Watching the River Flow


Freeloaders on the Andalusian Ospreys’ Nest

Went down by the river in Andalusia today to see if my beloved ospreys returned yet to their nest atop the old Mud Island range marker. They arrive usually like clockwork on or around St. Patrick’s Day.

Prior to last March, the birds arrived before the 17th by a day or two. Last year they were delayed by Winter Storm Stella that dumped over six inches of snow in the Philadelphia area, and a lot more elsewhere, keeping them away for an extra week or so.

This year, we’ve been experiencing unusually cold weather, and a few nor’easters have passed through since the beginning of March, most likely hampering the raptors’ yearly exodus north from South America and places thereabouts. Can’t blame them for staying in a warmer climate.

The above photo shows an odd couple—a mallard and great cormorant—who were occupying the nest today. I stuck around for a couple of hours, hoping the fish hawks might show up and chase them away; but nary an osprey was seen.

The yellow channel marker upriver was empty as well. The Coast Guard had removed the nest evidently, as the top platform where that pair roosts was devoid of twigs.


Pen Ryn Channel Marker

A Twitter compadre who keeps track of ospreys in Vermont has reported some have arrived up there already, which worries me that ours haven’t. Maybe tomorrow or the next day they’ll be back.

Elsewhere on the bird-watching scene, a friend has turned me on to another spot from which to watch bald eagles. It’s at an unlikely location along the Delaware River: that of a landfill in Tullytown Pa., which, come to think of it, provides a lot of nourishment for all kinds of animals in the food-chain hierarchy.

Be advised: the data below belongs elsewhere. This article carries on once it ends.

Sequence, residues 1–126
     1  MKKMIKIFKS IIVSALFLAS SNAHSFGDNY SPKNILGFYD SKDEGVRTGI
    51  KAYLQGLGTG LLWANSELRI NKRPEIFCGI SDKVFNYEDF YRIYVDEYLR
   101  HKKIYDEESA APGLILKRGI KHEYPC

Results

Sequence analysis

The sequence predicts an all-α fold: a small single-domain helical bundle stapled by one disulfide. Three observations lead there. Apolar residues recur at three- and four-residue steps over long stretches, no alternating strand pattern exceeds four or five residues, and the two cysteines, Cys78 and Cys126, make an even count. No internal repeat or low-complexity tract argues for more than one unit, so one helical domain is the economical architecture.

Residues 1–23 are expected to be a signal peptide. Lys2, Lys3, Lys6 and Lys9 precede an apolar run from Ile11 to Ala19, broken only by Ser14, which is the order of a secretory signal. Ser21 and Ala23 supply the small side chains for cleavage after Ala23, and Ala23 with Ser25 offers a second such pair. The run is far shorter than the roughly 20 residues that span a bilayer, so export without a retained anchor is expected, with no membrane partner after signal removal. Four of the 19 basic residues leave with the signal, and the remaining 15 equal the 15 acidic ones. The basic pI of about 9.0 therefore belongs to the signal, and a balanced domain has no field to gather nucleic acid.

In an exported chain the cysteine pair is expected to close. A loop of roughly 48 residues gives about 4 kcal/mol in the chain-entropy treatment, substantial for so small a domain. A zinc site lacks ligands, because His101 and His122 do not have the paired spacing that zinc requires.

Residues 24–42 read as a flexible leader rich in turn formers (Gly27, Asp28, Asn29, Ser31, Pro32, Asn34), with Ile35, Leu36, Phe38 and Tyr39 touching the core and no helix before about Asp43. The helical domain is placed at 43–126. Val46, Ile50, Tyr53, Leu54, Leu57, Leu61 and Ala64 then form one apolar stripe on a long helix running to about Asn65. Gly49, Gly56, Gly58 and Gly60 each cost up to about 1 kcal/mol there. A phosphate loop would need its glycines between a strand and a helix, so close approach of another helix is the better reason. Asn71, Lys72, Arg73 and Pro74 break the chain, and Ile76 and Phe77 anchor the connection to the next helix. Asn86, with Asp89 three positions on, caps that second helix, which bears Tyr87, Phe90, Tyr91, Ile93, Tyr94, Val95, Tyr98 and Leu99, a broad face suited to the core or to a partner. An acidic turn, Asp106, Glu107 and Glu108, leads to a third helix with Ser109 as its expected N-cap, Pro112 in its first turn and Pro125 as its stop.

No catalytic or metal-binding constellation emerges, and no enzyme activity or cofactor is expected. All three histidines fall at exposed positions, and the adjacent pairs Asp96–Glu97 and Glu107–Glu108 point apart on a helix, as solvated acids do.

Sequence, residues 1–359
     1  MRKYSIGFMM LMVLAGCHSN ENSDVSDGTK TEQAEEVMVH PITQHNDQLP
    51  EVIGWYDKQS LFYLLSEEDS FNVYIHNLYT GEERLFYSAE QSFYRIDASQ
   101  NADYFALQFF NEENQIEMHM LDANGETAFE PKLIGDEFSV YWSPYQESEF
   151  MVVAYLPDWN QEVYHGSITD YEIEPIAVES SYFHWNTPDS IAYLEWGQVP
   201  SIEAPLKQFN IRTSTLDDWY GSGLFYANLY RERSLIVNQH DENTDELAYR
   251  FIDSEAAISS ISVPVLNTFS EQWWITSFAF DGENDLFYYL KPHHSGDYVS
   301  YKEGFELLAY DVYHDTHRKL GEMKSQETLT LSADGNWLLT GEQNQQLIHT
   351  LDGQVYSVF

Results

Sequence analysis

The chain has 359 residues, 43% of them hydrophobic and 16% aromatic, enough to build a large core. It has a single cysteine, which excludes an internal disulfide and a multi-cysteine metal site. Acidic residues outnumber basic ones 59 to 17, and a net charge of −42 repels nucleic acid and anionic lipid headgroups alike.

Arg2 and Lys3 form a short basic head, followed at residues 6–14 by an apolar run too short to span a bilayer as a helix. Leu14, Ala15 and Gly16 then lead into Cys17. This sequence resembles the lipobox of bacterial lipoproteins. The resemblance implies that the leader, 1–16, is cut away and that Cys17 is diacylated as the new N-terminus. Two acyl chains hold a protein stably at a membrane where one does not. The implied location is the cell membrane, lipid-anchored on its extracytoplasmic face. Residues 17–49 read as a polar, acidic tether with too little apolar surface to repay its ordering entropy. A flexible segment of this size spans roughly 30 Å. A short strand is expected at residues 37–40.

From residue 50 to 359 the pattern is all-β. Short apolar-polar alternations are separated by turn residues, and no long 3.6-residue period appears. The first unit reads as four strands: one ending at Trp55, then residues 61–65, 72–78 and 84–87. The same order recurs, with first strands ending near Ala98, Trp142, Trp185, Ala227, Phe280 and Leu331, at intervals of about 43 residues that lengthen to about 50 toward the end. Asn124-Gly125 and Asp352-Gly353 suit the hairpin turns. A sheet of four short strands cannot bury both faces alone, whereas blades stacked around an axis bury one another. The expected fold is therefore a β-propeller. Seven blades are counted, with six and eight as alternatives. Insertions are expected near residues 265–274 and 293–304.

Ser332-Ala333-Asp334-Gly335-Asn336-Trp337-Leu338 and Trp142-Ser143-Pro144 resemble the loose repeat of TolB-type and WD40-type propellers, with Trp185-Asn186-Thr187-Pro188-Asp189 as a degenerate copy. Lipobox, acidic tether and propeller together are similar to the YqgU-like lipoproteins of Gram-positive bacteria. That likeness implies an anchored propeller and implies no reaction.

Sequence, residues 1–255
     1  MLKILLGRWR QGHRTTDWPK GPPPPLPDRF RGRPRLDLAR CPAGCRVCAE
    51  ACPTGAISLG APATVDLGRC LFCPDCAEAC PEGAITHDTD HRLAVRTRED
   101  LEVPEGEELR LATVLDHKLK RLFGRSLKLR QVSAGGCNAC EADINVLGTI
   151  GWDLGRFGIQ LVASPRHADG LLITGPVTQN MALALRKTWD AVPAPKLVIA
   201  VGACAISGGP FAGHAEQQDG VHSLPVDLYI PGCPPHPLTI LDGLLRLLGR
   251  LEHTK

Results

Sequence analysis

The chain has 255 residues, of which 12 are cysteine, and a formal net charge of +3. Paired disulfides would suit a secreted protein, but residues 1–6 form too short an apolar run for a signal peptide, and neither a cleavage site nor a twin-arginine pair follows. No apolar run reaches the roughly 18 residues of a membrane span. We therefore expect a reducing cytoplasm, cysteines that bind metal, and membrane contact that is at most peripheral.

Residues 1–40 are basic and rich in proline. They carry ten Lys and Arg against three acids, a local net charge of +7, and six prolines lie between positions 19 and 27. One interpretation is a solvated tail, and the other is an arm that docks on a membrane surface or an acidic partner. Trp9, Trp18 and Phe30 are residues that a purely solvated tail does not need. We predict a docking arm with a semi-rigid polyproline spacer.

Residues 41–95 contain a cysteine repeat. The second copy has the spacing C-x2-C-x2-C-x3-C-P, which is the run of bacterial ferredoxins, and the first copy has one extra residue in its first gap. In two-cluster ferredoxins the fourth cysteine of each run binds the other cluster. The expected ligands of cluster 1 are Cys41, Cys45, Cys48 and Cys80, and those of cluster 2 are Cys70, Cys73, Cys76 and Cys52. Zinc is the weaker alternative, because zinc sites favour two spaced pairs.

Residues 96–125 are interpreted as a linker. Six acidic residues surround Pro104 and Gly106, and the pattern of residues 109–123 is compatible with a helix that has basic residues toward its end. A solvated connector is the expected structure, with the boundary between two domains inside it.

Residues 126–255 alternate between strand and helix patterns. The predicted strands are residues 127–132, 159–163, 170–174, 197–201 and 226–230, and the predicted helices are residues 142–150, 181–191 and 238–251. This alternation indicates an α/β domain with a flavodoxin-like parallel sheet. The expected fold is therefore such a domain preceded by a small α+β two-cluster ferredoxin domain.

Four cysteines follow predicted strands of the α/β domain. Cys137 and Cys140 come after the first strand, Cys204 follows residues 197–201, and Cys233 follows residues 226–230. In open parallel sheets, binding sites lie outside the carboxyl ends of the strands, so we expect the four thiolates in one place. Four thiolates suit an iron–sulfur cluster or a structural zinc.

Went out there yesterday and was entertained by a plethora of juveniles who were chasing one another all over the place, and even some aerial fighting was displayed, which produced some exciting photography.

I’ve started a new photo-journal about the Tullytown raptors, in which I’ll be documenting my visits.

Looking forward to this upcoming birding season!

Just read that a good marriage keeps a person trim. With this country’s obesity epidemic, the state of that institution looks bleak. So that’s the reason I’m on a diet constantly to lose weight, having been divorced for many years.

Another article claims that the majority of selfies are taken with smartphone cameras too close to one’s face, which makes their facial features distorted. I’ve often thought my nose looked a lot bigger in my own selfies, lending credence to selfie sticks.

The remedy stated is to keep the camera at least five feet away for proportions to pan out. My arms aren’t that long, and I’ll never buy a selfie stick! I try to avoid taking them anyway, for one of my pet peeves is seeing them posted constantly on Social Media by narcissistic, duck-faced individuals whose self-presumed good looks and overwhelming vanity is well-overdone in my estimation.

I could go on with this diatribe by listing the recent political absurdities, but I’ll spare you and I the aggravation. Besides, my 500-word quota has been met for another week; and it’s time to close another tirade with thanks for your stopping in to read my musings. As always, thank you again for your continued support.

About Mike Slickster

As an early retiree with an honorary doctorate degree from the proverbial "School of Hard Knocks," this upcoming author with a lot of free time on his hands utilizes his expansive repertoire for humorous yet tragic, wildly creative writing that contains years of imaginative fantasy, pure nonsense, classic slapstick, extreme happiness and searing heartbreak; gathered by a wealth of personal experiences throughout his thrilling—sometimes mundane or unusually horrid—free-spirited, rock-'n'-roller-coaster ride around our beloved Planet Earth. Mike Slickster's illustrious quest continues, living now in Act Three of his present incarnation, quite a bit on the cutting edge of profundity and philosophical merriment as seen through his colorful characters, most notably evident in the amusing Thirty Days Across the Big Pond series, all of which can be found at
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6 Responses to Watching the River Flow

  1. Jack says:

    Good stuff on the Raptors. You have to have the patience of a saint to be able remember the dates these birds return and to keep them all straight.

  2. Thanks, Jack. These birds are like family to me.

  3. Carol says:

    This is really a comment on some of your older posts on Sarobia. My father lived there for a time as a child, in the late 1930s, and my grandmother lived there for many years. I really enjoyed reading your posts and seeing your photos, and I shared the links with my father too.

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